A new meme is spreading in financial markets: The US Federal Reserve is about to turn off the monetary spigot. US Printmaster General Ben Bernanke announced that he might start reducing the monthly debt monetisation program called ‘quantitative easing’ (QE) as early as autumn 2013, and maybe stop it entirely by the middle of next year.
He reassured markets that the Fed will keep the key policy rate (the fed funds rate) at near zero all the way into 2015. Still, the end of QE is seen as the beginning of the end of super-easy policy and potentially the first step toward normalisation, as if anybody still has any idea of what ‘normal’ was.
Fearing that the flow of nourishing mother milk from the Fed could dry up, a resolutely unweaned Wall Street threw a hissy fit. So far, so good. There is only one problem: It won’t happen.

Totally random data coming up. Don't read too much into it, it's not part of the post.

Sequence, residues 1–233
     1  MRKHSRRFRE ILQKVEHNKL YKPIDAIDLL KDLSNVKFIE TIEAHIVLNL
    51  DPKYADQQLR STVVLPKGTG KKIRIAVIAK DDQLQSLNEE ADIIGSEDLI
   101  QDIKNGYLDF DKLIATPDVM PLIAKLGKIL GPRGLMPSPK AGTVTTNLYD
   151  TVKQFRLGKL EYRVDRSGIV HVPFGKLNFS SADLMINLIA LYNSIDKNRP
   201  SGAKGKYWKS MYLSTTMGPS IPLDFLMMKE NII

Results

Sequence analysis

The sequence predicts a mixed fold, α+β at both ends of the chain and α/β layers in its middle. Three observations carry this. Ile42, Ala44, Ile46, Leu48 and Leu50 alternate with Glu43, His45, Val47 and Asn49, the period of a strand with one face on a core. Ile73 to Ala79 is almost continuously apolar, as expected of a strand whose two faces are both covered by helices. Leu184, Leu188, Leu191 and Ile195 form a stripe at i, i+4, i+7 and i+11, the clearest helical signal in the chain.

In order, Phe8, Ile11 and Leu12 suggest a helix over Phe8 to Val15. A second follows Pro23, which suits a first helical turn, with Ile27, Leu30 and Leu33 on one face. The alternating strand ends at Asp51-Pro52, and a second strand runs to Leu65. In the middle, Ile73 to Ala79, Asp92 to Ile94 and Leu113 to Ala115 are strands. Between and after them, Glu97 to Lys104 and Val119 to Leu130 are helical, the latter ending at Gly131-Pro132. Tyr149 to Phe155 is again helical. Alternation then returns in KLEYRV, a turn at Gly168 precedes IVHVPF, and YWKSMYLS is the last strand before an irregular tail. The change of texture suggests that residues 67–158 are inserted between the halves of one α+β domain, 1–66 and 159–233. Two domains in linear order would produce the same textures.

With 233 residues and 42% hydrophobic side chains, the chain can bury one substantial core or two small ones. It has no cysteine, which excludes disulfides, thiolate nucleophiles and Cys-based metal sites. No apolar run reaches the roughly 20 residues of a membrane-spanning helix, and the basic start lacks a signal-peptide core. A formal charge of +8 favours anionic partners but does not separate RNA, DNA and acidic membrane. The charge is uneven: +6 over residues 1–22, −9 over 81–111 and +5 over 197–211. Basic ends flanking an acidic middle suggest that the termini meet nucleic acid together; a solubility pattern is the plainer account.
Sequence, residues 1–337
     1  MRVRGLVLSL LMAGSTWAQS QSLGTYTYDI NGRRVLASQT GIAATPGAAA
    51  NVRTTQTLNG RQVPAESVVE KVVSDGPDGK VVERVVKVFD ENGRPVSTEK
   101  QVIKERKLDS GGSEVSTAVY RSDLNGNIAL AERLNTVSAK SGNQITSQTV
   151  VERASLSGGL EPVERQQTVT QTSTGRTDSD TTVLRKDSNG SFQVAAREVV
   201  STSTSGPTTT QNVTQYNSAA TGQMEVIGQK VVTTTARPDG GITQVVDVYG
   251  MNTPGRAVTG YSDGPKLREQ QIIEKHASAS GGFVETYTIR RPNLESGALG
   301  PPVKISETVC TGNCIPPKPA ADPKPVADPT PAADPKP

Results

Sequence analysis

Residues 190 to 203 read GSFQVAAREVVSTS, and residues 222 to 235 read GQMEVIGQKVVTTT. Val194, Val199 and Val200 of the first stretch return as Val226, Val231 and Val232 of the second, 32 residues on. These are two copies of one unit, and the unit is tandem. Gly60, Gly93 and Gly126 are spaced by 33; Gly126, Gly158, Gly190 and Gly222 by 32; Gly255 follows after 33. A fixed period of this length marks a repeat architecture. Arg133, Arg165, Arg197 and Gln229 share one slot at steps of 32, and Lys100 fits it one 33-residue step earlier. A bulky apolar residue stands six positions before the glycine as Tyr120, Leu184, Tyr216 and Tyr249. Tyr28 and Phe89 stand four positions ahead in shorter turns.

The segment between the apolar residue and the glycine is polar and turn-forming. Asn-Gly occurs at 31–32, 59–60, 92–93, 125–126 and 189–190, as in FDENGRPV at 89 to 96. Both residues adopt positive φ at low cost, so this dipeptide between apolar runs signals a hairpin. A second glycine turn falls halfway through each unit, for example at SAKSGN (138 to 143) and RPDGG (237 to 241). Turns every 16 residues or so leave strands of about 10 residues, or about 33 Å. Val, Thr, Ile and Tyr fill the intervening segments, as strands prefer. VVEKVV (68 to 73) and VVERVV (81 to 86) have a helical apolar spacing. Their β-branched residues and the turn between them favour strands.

Now, I am the first to declare that the Fed SHOULD abolish QE. Not in autumn of this year or summer of next, but right now. Pronto. Why? Because a policy of QE and zero interest rates is complete madness. It distorts markets, sabotages the liquidation of imbalances, prohibits the correct pricing of risk, and encourages renewed debt accumulation.
It numbs the market’s healing powers by enabling more ‘pretend and extend’ in the financial industry. And it adds new imbalances to the old ones that it also helps to maintain.
This policy may have prevented, for now, debt deflation. But maybe debt deflation is what’s needed.
[Ed. note: Debt deflation is the idea that the market contracts and corrects itself as the overall level of debt decreases.]
QE is nothing but heavy-handed market intervention. It is destructive. It doesn’t solve the underlying problems. It creates new ones.